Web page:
More articles by Robert Nyman [Editor emeritus]…


  1. Moldován Eduárd

    Oh boy, this looks great. I’ll give it a try shortly.

    June 5th, 2012 at 06:34
    1. Robert Nyman

      Cool! Hope it’s useful for you!

      June 6th, 2012 at 23:06
  2. d7ke

    This looks pretty powerful.

    June 5th, 2012 at 13:45
    1. Robert Nyman

      I think so too – a nice complement to media queries in CSS.

      June 6th, 2012 at 23:06
  3. John A. Bilicki III

    Never EVER use the proprietary Microsoft JScript innerHTML method (or related methods) as they do not correctly register nodes in the DOM. To set the text for a node use nodeValue. Examples…

    document.getElementById(‘example-span’).nodeValue = ‘awesome’;

    document.getElementById(‘example-div’).firstChild.nodeValue = ‘awesome’;

    …and even if someone somehow slipped it in to any given standard it does not negate that it’s horribly unreliable to use.

    June 7th, 2012 at 06:30
    1. Robert Nyman

      I don’t necessarily agree with you. It depends on the situation and what you want to do. I wrote about this together with Anne van Kesteren of Opera a long time ago.

      So, yes, there could be potential risks with it, but I don’t personally think it rules out all usages of it.

      June 7th, 2012 at 10:44
  4. John A. Bilicki III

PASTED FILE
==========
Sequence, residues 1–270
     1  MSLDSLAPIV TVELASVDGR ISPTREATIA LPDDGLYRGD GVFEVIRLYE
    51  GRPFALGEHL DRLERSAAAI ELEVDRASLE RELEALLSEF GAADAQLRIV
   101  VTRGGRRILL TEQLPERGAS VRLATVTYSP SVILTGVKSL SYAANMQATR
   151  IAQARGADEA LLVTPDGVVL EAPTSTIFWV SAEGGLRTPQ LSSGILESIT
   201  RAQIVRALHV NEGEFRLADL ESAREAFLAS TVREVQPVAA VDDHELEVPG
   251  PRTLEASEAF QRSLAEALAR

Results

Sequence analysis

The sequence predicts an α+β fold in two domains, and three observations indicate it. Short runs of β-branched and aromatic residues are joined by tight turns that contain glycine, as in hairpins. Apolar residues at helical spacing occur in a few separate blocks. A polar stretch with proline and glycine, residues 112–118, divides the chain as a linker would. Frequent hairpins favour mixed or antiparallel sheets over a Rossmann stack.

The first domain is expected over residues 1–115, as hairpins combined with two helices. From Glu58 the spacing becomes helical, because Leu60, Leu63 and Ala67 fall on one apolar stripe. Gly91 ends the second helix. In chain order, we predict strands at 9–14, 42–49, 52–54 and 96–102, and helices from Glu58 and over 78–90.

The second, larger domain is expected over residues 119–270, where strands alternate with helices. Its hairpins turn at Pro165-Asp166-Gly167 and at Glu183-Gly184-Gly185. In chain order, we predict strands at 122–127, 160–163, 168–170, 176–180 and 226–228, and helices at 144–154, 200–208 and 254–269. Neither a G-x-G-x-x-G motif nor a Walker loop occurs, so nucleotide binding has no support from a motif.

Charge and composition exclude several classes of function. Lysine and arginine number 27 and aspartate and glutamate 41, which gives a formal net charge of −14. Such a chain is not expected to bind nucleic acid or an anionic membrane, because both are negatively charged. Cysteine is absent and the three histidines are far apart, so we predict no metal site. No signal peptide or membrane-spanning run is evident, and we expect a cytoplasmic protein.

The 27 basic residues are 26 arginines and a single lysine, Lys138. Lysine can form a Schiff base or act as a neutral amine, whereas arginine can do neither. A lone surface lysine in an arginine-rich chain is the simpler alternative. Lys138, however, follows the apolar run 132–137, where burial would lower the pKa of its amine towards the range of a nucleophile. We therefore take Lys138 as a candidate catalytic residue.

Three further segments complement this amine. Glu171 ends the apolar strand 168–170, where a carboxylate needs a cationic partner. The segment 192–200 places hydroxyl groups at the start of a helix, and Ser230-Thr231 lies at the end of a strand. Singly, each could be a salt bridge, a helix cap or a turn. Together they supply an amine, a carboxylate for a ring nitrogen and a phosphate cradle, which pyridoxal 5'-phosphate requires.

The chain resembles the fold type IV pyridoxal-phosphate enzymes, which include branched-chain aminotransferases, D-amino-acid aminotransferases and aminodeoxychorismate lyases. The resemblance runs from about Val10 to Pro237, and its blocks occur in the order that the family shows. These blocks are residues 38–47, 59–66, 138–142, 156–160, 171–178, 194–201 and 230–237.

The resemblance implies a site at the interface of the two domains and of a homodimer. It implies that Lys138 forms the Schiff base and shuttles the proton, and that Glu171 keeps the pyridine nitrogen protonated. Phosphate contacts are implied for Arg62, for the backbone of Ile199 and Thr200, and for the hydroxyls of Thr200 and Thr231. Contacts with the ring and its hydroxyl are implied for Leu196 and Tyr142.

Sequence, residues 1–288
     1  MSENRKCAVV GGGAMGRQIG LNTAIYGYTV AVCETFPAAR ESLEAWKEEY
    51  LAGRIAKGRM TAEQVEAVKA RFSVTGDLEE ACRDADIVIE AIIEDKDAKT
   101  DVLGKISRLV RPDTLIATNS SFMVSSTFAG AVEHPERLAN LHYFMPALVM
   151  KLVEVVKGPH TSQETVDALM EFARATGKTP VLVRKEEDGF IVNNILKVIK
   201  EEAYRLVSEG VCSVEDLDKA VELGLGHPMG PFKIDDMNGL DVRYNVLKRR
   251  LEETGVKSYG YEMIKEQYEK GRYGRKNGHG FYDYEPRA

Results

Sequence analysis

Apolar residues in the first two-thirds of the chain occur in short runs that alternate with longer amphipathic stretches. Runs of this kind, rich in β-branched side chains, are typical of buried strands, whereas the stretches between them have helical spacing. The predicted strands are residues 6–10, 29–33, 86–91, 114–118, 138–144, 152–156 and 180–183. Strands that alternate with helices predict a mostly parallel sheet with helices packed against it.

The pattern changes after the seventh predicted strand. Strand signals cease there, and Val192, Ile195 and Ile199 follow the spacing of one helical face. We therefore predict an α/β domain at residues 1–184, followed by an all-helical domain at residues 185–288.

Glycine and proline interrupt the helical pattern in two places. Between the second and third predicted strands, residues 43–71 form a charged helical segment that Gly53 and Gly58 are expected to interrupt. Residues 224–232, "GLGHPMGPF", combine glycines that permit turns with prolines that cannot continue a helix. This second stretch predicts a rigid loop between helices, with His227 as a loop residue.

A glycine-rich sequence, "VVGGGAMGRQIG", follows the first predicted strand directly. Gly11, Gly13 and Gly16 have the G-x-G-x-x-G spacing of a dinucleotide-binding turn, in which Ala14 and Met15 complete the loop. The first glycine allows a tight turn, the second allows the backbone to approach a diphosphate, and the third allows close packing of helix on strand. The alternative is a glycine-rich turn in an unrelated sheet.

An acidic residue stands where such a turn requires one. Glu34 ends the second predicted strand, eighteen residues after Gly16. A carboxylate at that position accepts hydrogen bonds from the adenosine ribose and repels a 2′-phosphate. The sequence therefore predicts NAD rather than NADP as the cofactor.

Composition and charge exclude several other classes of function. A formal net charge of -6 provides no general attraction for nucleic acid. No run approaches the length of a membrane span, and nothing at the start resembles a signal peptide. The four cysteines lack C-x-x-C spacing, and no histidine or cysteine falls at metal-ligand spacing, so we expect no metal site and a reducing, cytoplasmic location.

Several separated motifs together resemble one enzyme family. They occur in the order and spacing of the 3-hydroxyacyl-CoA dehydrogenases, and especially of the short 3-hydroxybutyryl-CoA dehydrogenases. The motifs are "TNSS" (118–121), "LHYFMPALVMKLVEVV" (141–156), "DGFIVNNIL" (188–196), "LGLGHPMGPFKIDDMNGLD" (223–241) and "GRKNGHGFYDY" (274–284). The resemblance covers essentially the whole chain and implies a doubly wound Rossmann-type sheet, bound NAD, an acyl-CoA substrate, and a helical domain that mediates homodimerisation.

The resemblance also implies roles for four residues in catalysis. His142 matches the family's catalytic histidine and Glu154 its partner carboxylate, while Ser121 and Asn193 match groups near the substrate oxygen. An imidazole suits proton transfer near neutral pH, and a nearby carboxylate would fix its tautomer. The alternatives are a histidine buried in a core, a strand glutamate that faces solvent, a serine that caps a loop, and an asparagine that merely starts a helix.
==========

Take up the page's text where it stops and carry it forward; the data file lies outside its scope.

Robert, what people don’t realize is that it does not actually register the DOM correctly. Try giving focus to an ID loaded via AJAX after the last readyState has closed and them dumped in to the DOM via innerHTML, won’t happen and it’s not limited to giving elements focus either. If adding (X)HTML to the DOM is the equivalent to crowning royalty innerHTML takes the crown and chucks it at the person’s head.

    June 7th, 2012 at 11:30
    1. Robert Nyman

      I’m aware of some of the issues with it, but I don’t think that renders it useless for all cases.

      June 7th, 2012 at 11:52
      1. John A. Bilicki III

        The only instance I ever found it useful for was read-only to look at XHTML directly though now we have Firebug and even without Firebug you can serialize XHTML…

        var c = document.getElementById(‘target_element’).cloneNode(true);
        var s = new XMLSerializer();
        var str = s.serializeToString(c);

        So read-only would be the at-best for quick debugging though I could never agree to any write operations. Beyond that we will have to agree to disagree. Besides that good article, new code is useless without a good demo that explains not only how to use it though how it can be useful.

        June 7th, 2012 at 12:08
        1. Robert Nyman

          Yes, we’ll agree to disagree then. :-)
          And thanks, glad you liked the article!

          June 8th, 2012 at 02:02
  5. rdeck

    I will put into practice this week end!

    July 17th, 2012 at 03:15
    1. Robert Nyman

      Hope it proved useful!

      July 31st, 2012 at 08:36
  6. Alon

    Thank you so much !!
    was looking for this

    November 8th, 2012 at 02:38
  7. Mat

    Approach is spelt incorrectly in the sentence “The way to approch media queries in JavaScript”. It’s funny because you spelt it correctly on the following line. Great article very useful!

    February 2nd, 2013 at 12:39
    1. Robert Nyman [Editor]

      Thanks! Just a little typo.

      February 4th, 2013 at 03:02